previous experiences and promote active learning (Brandon & All, 2010). The
conceptual definition of constructivism is that human learning is constructed and
built upon previous knowledge (Hoover, 1996).
Different Theory
The limitations of behaviorism sparked the cognitive movement. The
behaviorist theory’s fails to explain why and how individuals make sense of and
process information (Yilmaz, 2011). Behaviorism’s heavy emphasis on observable
behavior differs from the cognitive theory’s emphasis that prior knowledge and
mental processes not only play a bigger role that stimuli in orienting behavior or
response but also intervene between a stimulus and response (Deubel, 2003). The
RUNNING HEAD: Theory Analysis and Application
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cognitive approach focuses on making knowledge meaningful and helping learners
organize and relate new information to prior knowledge in memory (Yilmaz, 2011).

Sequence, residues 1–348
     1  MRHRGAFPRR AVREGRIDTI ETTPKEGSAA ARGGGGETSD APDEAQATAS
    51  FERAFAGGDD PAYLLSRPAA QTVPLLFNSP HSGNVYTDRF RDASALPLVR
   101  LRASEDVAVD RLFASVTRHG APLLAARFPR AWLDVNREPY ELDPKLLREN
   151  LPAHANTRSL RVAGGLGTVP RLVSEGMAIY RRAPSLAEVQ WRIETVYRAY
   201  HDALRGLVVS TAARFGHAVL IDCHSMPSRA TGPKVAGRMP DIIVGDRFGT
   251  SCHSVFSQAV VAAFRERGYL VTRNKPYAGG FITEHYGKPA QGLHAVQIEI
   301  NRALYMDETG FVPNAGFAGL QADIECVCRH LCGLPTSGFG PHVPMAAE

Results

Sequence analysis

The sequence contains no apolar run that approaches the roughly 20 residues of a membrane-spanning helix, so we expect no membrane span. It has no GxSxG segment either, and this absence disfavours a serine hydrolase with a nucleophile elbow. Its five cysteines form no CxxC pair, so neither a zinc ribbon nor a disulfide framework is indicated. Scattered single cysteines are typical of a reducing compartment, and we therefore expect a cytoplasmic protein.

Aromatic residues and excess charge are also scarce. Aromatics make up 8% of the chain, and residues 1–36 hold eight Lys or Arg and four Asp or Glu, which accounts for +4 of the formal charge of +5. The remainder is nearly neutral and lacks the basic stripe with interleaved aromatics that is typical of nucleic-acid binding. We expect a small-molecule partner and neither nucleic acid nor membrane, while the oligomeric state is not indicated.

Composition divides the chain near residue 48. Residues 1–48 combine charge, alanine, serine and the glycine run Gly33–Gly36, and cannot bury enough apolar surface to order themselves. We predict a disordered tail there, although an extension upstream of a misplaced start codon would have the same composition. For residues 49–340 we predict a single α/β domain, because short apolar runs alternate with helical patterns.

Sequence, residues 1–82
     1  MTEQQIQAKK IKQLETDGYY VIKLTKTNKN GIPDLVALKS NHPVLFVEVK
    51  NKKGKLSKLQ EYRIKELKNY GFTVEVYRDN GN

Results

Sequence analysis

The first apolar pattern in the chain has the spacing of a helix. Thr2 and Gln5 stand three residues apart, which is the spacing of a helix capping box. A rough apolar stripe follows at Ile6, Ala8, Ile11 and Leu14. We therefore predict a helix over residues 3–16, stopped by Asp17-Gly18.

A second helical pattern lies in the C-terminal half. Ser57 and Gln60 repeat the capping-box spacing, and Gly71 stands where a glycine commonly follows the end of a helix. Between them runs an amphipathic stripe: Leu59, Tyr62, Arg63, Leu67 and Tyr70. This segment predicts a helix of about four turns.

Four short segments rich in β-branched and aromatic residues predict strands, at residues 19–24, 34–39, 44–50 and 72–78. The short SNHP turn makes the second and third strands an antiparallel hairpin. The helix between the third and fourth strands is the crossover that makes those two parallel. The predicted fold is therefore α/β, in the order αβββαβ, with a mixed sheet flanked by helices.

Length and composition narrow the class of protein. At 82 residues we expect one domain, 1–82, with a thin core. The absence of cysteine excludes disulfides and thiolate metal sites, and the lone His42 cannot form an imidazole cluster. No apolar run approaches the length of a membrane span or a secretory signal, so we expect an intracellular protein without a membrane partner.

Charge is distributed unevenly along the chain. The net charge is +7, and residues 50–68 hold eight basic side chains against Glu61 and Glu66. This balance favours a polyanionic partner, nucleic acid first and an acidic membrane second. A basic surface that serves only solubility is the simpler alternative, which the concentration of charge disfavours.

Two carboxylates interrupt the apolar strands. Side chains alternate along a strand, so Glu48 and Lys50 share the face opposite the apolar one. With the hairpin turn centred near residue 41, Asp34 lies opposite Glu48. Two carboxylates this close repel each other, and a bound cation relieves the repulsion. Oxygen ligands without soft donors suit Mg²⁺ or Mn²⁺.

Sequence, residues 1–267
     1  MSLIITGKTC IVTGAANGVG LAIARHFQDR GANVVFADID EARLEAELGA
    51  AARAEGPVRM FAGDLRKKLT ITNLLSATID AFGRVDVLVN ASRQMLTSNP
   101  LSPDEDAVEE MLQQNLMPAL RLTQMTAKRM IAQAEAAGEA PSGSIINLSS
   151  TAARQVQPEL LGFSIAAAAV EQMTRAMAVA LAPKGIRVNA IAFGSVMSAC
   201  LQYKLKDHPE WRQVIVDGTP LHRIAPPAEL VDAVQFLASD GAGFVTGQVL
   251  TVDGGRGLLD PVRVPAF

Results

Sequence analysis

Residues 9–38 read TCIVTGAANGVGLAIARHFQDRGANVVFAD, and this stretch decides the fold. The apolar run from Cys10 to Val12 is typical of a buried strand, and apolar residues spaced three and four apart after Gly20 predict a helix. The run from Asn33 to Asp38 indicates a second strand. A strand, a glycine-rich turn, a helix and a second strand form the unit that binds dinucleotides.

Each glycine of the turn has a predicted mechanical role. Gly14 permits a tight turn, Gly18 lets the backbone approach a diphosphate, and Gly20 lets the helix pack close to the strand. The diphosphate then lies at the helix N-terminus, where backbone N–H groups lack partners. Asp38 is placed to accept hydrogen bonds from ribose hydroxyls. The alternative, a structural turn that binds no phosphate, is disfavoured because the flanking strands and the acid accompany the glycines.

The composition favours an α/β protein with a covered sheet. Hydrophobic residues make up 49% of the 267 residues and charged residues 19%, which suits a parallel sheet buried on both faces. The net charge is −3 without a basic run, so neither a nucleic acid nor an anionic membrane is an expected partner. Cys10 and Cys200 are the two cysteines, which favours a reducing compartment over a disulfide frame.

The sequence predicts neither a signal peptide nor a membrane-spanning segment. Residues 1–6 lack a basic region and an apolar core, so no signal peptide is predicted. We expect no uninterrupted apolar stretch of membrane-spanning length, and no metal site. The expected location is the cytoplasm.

Educational emphasis
The cognitive learning theory places much emphasis on the learner’s goals
and expectations. Educators trying to influence the learning process must recognize
the variety of past experiences, perceptions, ways of incorporating and thinking
about information, and diverse aspirations, expectations, and social influences that
affect any learning situation. Cognitive principles of learning include begin mentally
active with information to encourage memory and retention (Bastable, 2008).
Classroom Environment
Instruction based on cognitive principles should be authentic and real. The
educator is expected to provide a classroom environment that encourages student’s
spontaneous exploration of instructional materials. Students are to become active
constructors of their own knowledge through experiences that encourage